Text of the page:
Use a lightly greased*** mold to press the dough into mooncake shapes and set onto a clean parchment paper. I used a 75g mooncake mold, but you can use any mold size you have at home – just be sure to adjust the filling size!
***I used olive oil cooking spray to grease my mooncake mold. If you don’t have olive oil cooking spray you can use other vegetable oil sprays or melted coconut oil.
Bake in a preheated 350F oven for 12-15 minutes until the tops are lightly browned.
For the best texture, store these mooncakes inside an airtight container and chill overnight in the fridge. The mooncakes actually taste better the day after.
Recipe Variations and Optional Add Ins:
There are many types of fillings used in traditional mooncakes. Here are some ideas below:
- Lotus paste – classic! You can buy these in the refrigerated section in a Asian grocery store, or buy them online (like Amazon, here)
- Shiro-an (sweetened white bean paste) – on Amazon, here, or here’s a Shortcut White Bean Paste Recipe I make when I’ve run out of Shiro An
- Koshi-an (sweetened red bean paste) – on Amazon, here
- Mung Bean paste – sweet and delightfully yellow, homemade mung bean paste is a perfect mooncake filling for those who are looking for a healthier bean paste alternative. Here’s my 2-Ingredient mung bean paste recipe here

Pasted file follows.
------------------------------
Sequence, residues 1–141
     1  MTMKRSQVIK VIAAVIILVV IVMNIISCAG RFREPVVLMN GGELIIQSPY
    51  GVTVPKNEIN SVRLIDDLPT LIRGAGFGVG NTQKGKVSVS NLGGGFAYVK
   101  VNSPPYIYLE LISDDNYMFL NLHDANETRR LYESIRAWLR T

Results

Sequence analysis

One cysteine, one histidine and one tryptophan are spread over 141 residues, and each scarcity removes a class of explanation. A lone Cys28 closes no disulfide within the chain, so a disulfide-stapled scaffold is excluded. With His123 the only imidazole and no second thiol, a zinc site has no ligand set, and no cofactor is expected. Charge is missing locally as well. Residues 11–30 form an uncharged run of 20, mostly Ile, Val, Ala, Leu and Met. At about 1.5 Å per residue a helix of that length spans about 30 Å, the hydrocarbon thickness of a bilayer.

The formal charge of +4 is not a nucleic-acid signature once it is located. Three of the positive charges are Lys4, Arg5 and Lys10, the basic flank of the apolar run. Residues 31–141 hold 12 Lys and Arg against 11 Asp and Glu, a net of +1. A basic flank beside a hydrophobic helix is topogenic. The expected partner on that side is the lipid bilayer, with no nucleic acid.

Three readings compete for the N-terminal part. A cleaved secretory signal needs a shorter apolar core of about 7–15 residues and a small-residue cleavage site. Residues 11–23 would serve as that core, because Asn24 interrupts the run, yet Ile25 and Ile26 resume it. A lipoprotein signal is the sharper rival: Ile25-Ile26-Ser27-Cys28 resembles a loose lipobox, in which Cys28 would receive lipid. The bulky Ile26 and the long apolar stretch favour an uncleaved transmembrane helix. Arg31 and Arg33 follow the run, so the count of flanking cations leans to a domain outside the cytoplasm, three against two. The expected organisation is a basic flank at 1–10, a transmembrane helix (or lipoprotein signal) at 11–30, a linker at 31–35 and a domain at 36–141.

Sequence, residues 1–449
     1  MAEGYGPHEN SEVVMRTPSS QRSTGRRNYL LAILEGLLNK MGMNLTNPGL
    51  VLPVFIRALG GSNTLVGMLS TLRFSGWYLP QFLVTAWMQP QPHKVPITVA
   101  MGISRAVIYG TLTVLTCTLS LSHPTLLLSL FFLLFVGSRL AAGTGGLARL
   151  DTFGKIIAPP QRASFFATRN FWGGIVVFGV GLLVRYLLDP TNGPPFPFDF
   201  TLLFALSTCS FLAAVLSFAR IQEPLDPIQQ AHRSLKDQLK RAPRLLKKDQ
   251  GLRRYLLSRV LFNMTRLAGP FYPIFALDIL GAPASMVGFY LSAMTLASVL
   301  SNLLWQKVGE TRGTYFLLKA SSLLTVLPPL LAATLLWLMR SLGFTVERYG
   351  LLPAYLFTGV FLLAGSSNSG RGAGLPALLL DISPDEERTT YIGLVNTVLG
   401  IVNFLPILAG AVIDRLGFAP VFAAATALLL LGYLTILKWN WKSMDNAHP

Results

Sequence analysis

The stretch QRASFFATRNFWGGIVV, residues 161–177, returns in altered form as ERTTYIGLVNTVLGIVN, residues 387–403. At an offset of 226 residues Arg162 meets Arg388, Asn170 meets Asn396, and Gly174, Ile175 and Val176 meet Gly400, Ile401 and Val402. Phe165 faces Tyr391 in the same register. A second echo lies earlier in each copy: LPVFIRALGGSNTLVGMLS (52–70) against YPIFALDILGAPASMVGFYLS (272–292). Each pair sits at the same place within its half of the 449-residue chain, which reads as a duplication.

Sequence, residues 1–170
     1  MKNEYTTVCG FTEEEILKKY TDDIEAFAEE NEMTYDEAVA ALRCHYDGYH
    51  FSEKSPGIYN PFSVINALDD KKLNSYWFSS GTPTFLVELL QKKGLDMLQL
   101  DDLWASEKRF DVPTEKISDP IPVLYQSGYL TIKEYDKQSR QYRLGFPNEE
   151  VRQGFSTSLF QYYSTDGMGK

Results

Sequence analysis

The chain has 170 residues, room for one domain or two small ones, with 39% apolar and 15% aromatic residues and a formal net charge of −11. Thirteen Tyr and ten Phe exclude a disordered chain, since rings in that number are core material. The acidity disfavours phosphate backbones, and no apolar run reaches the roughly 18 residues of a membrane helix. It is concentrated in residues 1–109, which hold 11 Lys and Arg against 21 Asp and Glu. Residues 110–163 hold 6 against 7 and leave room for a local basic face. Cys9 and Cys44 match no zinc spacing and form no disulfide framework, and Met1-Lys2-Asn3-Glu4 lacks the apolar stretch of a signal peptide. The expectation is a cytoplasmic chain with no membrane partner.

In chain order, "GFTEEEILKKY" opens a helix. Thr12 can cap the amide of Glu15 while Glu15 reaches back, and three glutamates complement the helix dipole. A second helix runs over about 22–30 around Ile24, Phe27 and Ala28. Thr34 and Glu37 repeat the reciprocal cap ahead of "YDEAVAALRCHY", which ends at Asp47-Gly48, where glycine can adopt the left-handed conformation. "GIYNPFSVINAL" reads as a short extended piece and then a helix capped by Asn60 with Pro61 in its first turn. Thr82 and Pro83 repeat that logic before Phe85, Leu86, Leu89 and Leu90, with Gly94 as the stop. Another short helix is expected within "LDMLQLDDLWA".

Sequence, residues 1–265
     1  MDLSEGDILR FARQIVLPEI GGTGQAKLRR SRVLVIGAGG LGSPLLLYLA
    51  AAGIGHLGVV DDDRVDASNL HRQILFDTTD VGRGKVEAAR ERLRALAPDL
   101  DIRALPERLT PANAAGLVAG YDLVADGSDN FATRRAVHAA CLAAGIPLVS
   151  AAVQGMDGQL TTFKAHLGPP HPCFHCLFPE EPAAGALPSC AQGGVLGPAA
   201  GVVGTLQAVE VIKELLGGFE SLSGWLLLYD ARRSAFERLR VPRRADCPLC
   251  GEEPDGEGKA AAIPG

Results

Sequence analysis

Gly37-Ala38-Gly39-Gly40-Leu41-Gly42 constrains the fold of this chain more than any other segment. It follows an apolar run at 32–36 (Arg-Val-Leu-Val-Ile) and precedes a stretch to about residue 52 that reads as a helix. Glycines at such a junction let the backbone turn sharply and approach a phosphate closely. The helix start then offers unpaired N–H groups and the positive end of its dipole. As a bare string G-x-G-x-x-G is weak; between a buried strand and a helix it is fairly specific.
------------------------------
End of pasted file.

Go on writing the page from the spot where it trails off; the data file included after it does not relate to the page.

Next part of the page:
- Coffee paste : 1/2 cup Shiro-an mixed with 2 tsp coffee extract (click on the link to see my 2 ingredient coffee bean paste recipe here)
You can also play around with different Crust flavors, too.
- Chocolate mooncakes – add 1 Tbsp of cocoa powder to the dry ingredients before mixing; add some mini chocolate chips to the filling before rolling into tablespoon-sized (about 30 gram) balls.
- Lemon Raspberry mooncakes – add 1 tsp of lemon extract and 1 Tbsp of lemon zest to the dough.
How to Make this Healthier
- Storebought lotus pastes and sweet bean pastes are delicious, but rather high in refined sugar and calories. While I still recommend you use the storebought kinds to make these mooncakes as close to the original texture as possible, there are many healthier alternatives for the filling, such as mashed sweet potato (the best ones are Asian sweet potato and Purple Sweet Potato), chickpea cookie dough or chopped nuts (I’ll post the recipe on this later).
- I also love adding nuts, seeds and other ingredients to the filling that add texture, fiber and nutrition. Try adding nuts or dried fruit to the filling before rolling into tablespoon sized balls.
- If you want to increase fiber, mix a Tablespoon of ground flaxseed or coconut flour to the filling.